A world grown so old now, how can it be new?
Sorrow’s end, God send,
born now for me and you

Emanuel, Emanuel
What are we that You have loved us so well?
A song on high, a Savior’s high, angel hosts rejoice
Thy glory to tell

 Lord, lead us to know.
You lay like a beggar, so humble, so low;
no place for Your head and straw for a bed,
the glory of God to show.

 Babe on mother’s knee,
child so soon to be nailed to a tree;
all praise, till the end of our days;
O Lord, You have set us free

Rabbouni

Easter Sunday, April 21, 2019

Click here for readings.

Resurrection

The Upper Room on Holy Saturday evening: a place filled with sadness, silence and seeking. Jesus was dead. Jerusalem, scattered to their various houses to keep Shabbat, murmur their shocked questions under their shaky prayers.

We have all been in rooms like this. They enclose a special kind of agony – one teetering between hope and doubt, between loss and restoration. It may have been a surgical waiting room or the hallway outside the courtroom. Sometimes, such a space is not bricks and mortar.  It is the space between a sealed envelope and the news inside. It is the hesitant pause between a heartfelt request and the critical response. In each of these places, we exist as if in a held breath, hoping against hope for life, freedom, and wholeness.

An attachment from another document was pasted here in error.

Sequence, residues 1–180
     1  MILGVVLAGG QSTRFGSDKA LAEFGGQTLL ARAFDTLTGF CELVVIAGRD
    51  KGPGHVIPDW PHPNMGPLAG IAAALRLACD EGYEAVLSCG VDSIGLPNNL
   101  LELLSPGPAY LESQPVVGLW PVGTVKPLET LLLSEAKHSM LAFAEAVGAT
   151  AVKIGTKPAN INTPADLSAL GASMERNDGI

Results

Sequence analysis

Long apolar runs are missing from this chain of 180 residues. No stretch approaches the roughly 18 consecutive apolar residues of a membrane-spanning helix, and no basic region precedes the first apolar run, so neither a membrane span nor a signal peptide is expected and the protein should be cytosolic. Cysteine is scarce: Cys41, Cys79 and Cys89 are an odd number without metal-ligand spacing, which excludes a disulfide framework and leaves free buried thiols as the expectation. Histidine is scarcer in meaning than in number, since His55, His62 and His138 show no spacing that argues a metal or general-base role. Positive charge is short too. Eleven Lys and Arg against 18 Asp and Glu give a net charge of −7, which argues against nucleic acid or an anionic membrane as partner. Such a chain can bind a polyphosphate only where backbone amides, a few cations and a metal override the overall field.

It was from such a room that Mary Magdalene stole away in the wee hours. A woman unafraid of loneliness, she walked in tearful prayer along the path to Jesus’ tomb. Sweet memories washed over her: forgiving words, release from demons, an alabaster jar. Scent of jasmine rose up on the early morning mist. Hope rose with it that his vow to return might be true. Then she saw the gaping tomb, the alarm that thieves had stolen him to sabotage his promise. She ran to the emptiness seeking him. She was met by angels clothed in light and glory, but they were not enough to soothe her.

Turning from them, she bumped against a gardener whom she begged for word of Jesus, just so she might tend to him again. A single word revealed his glory, “Mary”. He spoke her name in love.

As we seek the assurance of God’s presence in our lives, we too may be unaware that God is already with us. The deep listening of our spirit, dulled with daily burdens, may not hear our name lovingly spoken in the circumstances of our lives. God is standing behind every moment. All we need do is turn to recognize him.

Turn anger into understanding. Turn vengeance into forgiveness. Turn entitlement into gratitude. Turn indifference into love. All we need do is turn to recognize our Easter God.

Music: Rimsky-Korsakov – Russian Easter Overture

Poem: The Anointing at Bethany